How To Grow Potatoes In Arizona: A Comprehensive Guide

Are you a farmer in Arizona? If so, chances are that you’ve always wanted to plant Potatoes. However, You either don’t know how to start or you’re tried before and found no results.

Arizona is very popular in the production of potatoes, due to its mild and warm climate. This is the main key in growing potatoes, as potato plants do not like frost at all and do not adapt to it.

Also, the soil of Arizona is very good and modest in terms of cultivation and care requirements, so even beginners in potato cultivation will easily succeed in this environment.

In this comprehensive guide, we’re providing you with all the information you need to get the most out of your potato crop in Arizona. Keep reading!

How To Grow Potatoes In Arizona?

There are only 4 main steps that you will need to take in order to succeed in planting Potatoes in Arizona:

  1. Choose The Right Variety Of Potato.
  2. Prepare The Soil.
  3. Planting Potatoes.
  4. Harvesting And Storing Your Potatoes.

Now, let’s head to the details:

Step 1: Choose The Right Variety Of Potato

Potatoes in bucket

The type of potatoes that you will plant on your land is an important thing that must be done based on a good understanding of the types of potatoes, the climate, and the soil suitable for them. The types of potatoes are divided into three main types:

  • Early-season potatoes.
  • Mid-season potatoes.
  • Late-season potatoes.

,he terms early/mid/late refer to how quickly a potato will ripen based on climatic conditions:

Early-Season Potatoes

Early potatoes are those that are planted in late winter and early spring in spring and ripen in early summer. It can be harvested after 75 to 90 days after planting.

Mid-Season Potatoes

It takes a longer time to ripen, as it will be ready in the middle of summer. It is harvested after 90 to 120 days of planting.

Late-Season Potatoes

It takes the longest time to grow and is harvested in late summer and early fall. It takes about 120 to 130 days to mature.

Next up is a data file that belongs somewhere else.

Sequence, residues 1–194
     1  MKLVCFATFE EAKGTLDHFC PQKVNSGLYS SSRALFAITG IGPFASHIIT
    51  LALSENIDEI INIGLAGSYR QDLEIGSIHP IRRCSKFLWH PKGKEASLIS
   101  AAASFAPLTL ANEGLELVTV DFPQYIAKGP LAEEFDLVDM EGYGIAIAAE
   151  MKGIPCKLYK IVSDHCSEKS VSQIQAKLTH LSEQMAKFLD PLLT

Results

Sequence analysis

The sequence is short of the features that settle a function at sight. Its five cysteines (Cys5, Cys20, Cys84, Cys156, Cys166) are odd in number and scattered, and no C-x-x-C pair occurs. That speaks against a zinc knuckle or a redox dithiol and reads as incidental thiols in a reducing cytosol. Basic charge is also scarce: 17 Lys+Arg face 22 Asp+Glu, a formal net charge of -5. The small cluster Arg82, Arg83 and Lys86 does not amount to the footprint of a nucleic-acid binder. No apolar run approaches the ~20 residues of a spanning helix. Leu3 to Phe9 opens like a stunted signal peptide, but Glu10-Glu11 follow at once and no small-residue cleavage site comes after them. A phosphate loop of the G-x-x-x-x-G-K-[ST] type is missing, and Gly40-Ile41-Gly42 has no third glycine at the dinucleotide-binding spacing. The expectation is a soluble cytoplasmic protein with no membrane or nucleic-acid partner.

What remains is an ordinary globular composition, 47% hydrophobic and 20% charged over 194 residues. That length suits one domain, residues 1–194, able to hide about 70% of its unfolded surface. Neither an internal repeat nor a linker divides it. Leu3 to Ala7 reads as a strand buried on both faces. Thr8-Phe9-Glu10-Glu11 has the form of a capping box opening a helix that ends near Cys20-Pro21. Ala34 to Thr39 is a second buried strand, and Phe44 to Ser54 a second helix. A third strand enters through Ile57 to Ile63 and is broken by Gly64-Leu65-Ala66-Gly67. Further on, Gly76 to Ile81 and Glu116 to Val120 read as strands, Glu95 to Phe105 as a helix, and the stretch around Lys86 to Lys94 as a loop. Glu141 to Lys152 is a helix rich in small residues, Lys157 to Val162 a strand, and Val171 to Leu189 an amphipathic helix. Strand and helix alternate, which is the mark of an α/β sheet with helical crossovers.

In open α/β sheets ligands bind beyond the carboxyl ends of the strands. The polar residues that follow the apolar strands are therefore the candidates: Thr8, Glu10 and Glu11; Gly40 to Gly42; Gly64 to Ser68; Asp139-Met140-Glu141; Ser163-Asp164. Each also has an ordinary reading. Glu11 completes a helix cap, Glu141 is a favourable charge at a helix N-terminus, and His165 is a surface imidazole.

So you need to know how to balance the length of time plants need to mature with the type of weather in your area. And since the climate of the state of Arizona is warm, it is characterized by mild winters and hot summers.

The coldest months are from November to February, in which you should avoid planting potatoes. The temperatures begin to rise to start from mid-February, which is the ideal time for planting potatoes in Arizona.

This early warm weather makes the early and mid-season potato varieties which grow faster (60-90 days) the appropriate choice for planting in Arizona.

Potato Varieties That Grow Well In Arizona

Here are 4 main types of potatoes that are most suitable to grow in Arizona:

Yukon Gold

The Yukon Gold potato is an early crop. Its seed potatoes mature in only 80 to 95 days after planting and produce a bountiful crop. Yukon Gold potatoes are very popular for their good flavor that comes with a tender yellow flesh with a good flavor.

It is suitable for many cooking purposes, as it is great for baking, boiling, chopping, and frying. [1]


They are also early potatoes that are harvested after 80-100 days. These potatoes are multi-purpose, as their delicious flavor can be enjoyed by frying, boiling, mashing, or baking.

You’ll enjoy the flavor of Kennebec when stir-fried because its creamy flesh browns and delivers an incredibly rich taste.

Red Norland

is an early maturing potato variety that is smooth, and oblong with shallow eyes. They are delicious boiled or pureed, but are only good baked.

Rosette Norkota

It is also an early variety that produces plump potatoes. They are considered an excellent baked potato.

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Step 2: Prepare The Soil

Prepare The Soil

Arizona’s soil is characterized by high levels of clay. Clay soil is often referred to as the best type of soil for almost all plants. But it is very alkaline and potatoes need an acidic soil with a pH of 4.8 to 5.5. So the soil must be tested to set the required acidity level

Also, the soil of Arizona is low in nutrients, which requires the addition of organic materials and fertilizers in order for the potato plants to obtain the required nutrition with water and nutrients.